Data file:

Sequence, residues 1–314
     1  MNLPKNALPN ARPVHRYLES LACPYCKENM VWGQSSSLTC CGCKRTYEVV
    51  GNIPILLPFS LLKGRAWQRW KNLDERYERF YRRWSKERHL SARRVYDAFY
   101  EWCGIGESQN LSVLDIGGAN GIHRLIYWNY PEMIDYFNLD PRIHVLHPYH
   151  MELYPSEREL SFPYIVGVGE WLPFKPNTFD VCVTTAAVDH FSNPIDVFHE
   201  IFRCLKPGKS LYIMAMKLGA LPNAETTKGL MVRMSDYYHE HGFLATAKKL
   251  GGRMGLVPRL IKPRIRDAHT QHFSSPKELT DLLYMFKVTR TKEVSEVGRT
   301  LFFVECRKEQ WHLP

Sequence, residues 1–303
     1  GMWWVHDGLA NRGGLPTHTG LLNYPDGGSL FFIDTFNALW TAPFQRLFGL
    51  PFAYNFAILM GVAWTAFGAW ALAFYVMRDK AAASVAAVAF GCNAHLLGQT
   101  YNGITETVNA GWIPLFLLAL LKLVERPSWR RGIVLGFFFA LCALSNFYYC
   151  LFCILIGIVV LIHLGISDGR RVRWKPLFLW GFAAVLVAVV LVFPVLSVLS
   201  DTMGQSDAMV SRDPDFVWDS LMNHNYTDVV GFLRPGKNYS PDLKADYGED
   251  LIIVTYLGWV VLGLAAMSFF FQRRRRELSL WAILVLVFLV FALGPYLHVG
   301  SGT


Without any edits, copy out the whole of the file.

Sequence, residues 1–314
     1  MNLPKNALPN ARPVHRYLES LACPYCKENM VWGQSSSLTC CGCKRTYEVV
    51  GNIPILLPFS LLKGRAWQRW KNLDERYERF YRRWSKERHL SARRVYDAFY
   101  EWCGIGESQN LSVLDIGGAN GIHRLIYWNY PEMIDYFNLD PRIHVLHPYH
   151  MELYPSEREL SFPYIVGVGE WLPFKPNTFD VCVTTAAVDH FSNPIDVFHE
   201  IFRCLKPGKS LYIMAMKLGA LPNAETTKGL MVRMSDYYHE HGFLATAKKL
   251  GGRMGLVPRL IKPRIRDAHT QHFSSPKELT DLLYMFKVTR TKEVSEVGRT
   301  LFFVECRKEQ WHLP

Sequence, residues 1–303
     1  GMWWVHDGLA NRGGLPTHTG LLNYPDGGSL FFIDTFNALW TAPFQRLFGL
    51  PFAYNFAILM GVAWTAFGAW ALAFYVMRDK AAASVAAVAF GCNAHLLGQT
   101  YNGITETVNA GWIPLFLLAL LKLVERPSWR RGIVLGFFFA LCALSNFYYC
   151  LFCILIGIVV LIHLGISDGR RVRWKPLFLW GFAAVLVAVV LVFPVLSVLS
   201  DTMGQSDAMV SRDPDFVWDS LMNHNYTDVV GFLRPGKNYS PDLKADYGED
   251  LIIVTYLGWV VLGLAAMSFF FQRRRRELSL WAILVLVFLV FALGPYLHVG
   301  SGT